V Words for Kids

Here, we have a compilation of V words for kids that can be used in vocabulary lessons. We’ve also provided some fun text ideas that you can use by copying and pasting into your lesson materials.

Very nice! V ventures to Virginia Beach for a wonderful voyage! In this series, our alphabet friends, A through Z, become tourists in America’s cities. At each of their stops, letters dig into their supplies in order to learn a new word study skill or vocabulary term. 

V has packed its backpack for Virginia Beach in Virginia! During V’s trip, V is excited to learn about different syllable features and patterns with the help of some wonderful word lists in V‘s backpack case. V is looking forward to exploring V , reviewing technology words that begin with “V,” and learning all about communication words, like emotions, traits, and other words that start with the letter “V”. 

Tip: Best educational practices related to word study include: read-alouds, discussion, and writing. It is important to build rich connections between readers and the vocabulary words they learn. For instance, discuss sample sentences and make other personal associations to bolster recall, decoding, and encoding. As always, remember that some words may require frontloading and framing depending on the learner’s age, background, and needs. Helpful reminders for readers: A vowel is a speech sound produced by letters a, e, i, o, u and sometimes y. A consonant is a speech sound produced by all of the other letters in the alphabet.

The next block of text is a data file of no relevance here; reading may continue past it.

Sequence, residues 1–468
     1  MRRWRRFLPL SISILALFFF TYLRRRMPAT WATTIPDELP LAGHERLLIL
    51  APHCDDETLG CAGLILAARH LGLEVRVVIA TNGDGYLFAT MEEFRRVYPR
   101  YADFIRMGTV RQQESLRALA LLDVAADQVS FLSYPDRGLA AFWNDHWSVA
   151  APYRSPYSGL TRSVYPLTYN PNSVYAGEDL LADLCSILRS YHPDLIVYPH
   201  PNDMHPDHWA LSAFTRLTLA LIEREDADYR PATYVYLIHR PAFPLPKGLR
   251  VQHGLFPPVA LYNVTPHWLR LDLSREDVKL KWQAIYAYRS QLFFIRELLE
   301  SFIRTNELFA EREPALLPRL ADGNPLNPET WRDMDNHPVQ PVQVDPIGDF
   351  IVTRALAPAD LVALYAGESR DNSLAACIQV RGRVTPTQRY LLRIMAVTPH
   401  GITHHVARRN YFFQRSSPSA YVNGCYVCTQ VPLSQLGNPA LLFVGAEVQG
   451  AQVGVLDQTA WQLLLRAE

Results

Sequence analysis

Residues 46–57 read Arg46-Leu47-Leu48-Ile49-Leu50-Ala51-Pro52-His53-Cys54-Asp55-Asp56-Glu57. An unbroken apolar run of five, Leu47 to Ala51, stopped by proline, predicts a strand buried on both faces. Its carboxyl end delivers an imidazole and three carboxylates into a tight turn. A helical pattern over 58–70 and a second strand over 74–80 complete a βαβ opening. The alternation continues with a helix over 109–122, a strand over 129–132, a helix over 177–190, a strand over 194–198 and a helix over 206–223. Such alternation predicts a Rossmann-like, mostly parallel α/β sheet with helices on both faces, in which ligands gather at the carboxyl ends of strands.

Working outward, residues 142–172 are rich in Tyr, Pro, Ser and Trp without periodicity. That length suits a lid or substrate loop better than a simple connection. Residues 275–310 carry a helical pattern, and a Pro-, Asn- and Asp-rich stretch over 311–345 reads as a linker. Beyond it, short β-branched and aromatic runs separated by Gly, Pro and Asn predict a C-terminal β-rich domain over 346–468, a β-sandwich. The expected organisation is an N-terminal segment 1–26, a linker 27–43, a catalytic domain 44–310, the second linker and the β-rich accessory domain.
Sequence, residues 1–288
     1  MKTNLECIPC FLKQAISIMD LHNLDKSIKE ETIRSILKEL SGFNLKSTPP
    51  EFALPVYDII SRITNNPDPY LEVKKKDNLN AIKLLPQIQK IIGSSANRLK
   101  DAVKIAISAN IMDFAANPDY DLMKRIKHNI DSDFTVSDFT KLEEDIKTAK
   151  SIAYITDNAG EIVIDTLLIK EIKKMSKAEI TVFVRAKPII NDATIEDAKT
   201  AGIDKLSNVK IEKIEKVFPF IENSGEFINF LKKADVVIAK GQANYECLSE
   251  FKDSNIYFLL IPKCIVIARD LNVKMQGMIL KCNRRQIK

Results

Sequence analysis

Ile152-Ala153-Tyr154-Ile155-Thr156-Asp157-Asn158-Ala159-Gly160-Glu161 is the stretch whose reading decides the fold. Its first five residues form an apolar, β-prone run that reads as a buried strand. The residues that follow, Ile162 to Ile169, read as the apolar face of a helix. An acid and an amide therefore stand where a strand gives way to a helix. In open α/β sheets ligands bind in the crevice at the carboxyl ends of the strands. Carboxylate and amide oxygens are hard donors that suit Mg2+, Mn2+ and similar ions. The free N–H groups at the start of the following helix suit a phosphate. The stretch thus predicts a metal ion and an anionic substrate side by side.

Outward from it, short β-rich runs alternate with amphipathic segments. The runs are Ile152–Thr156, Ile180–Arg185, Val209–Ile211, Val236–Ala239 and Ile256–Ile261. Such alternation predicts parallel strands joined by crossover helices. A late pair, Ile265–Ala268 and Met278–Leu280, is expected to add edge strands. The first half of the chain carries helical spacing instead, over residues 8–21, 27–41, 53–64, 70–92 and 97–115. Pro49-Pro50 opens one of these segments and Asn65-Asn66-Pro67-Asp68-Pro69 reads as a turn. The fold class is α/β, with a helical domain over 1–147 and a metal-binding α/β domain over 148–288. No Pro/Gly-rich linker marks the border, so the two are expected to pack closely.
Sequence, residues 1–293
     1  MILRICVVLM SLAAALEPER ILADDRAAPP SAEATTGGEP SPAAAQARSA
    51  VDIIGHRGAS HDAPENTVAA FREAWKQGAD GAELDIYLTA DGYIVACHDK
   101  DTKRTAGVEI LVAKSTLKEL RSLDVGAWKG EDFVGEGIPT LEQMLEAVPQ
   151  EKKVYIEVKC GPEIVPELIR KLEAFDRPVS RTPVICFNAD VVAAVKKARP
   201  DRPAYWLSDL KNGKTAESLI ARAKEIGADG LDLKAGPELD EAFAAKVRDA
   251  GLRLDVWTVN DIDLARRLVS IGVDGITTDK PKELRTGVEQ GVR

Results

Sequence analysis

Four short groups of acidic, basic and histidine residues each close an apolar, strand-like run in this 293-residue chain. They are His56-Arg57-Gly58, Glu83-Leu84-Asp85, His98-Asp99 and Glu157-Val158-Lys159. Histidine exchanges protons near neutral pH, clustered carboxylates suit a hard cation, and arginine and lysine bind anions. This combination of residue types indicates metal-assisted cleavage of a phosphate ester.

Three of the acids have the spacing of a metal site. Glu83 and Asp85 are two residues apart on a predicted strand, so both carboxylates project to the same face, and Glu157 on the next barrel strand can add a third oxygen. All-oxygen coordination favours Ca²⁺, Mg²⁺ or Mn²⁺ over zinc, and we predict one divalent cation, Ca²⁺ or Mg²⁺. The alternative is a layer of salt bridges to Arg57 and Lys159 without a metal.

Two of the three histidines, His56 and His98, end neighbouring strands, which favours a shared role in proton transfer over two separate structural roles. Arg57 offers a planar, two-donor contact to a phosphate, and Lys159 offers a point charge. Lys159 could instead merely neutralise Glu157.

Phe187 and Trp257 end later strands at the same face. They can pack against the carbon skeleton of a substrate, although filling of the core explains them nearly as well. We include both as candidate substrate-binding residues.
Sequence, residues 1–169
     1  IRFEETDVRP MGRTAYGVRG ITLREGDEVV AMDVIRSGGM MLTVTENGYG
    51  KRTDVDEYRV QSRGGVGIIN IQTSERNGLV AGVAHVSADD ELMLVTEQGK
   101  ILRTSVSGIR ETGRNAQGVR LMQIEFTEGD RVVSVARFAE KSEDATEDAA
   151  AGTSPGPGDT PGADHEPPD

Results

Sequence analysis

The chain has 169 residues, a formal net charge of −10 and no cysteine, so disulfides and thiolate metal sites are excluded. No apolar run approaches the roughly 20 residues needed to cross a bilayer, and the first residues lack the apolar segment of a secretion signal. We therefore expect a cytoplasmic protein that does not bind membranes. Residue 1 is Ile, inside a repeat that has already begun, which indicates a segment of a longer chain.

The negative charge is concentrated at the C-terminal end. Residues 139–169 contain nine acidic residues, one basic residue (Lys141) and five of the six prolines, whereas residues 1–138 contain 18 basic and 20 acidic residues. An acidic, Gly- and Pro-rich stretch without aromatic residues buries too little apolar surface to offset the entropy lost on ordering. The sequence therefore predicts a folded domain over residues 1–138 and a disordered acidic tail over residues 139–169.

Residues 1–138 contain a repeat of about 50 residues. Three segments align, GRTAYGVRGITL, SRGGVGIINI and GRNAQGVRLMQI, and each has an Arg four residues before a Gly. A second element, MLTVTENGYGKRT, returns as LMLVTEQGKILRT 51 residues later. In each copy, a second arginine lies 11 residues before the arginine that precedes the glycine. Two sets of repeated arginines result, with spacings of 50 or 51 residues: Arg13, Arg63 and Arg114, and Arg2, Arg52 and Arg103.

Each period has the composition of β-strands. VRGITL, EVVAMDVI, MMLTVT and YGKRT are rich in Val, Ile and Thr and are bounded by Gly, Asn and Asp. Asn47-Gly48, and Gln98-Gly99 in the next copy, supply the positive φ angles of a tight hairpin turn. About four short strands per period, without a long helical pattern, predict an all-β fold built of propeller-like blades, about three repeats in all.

CVC (consonant-vowel-consonant) Words: To begin its journey, V visits the Virginia Aquarium and Marine Science Center, where V can see vibrant fish, playful dolphins, and even majestic sea turtles. V decides to take a look inside its backpack for a word study list. Ah! This is a short list with some super short words: CVC words! The first word list is about CVC words. CVC words have a specific order: one consonant, followed by a vowel, followed by another consonant. Examples of CVC words include “cat,” “sit,” and “fun.” Below is a short list of consonant-vowel-consonant words.


Closed Syllables: What a life saver! V explores the Virginia Beach Surf & Rescue Museum, where V learns about the history of surfing and lifeguarding. V takes a break and opens its backpack to study a new word list. When the vowel of a syllable is short, the syllable is closed off by one or more consonants. Examples of closed syllable words include “hat,” “pin,” and “dotted.”


Open Syllables: Head to the Virginia Beach Boardwalk, a lively promenade with street performers, delicious snacks, and exciting rides. Smells like funnel cake! Mmmmm! V stops to enjoy some, dusts off, and then enjoys the next list about open syllables. Open syllables have a vowel sound that is long and ends with a vowel. Because there is no consonant after the vowel in the syllable, the vowel is able to make the long sound, which sounds exactly like the name of the letter that makes the sound in that syllable. Examples of open syllable words include “no,” “me,” and “hi.” The “o” in “no” sounds just like how “o” is identified by name. The “i” in “hi” sounds just like how “i” is identified by name.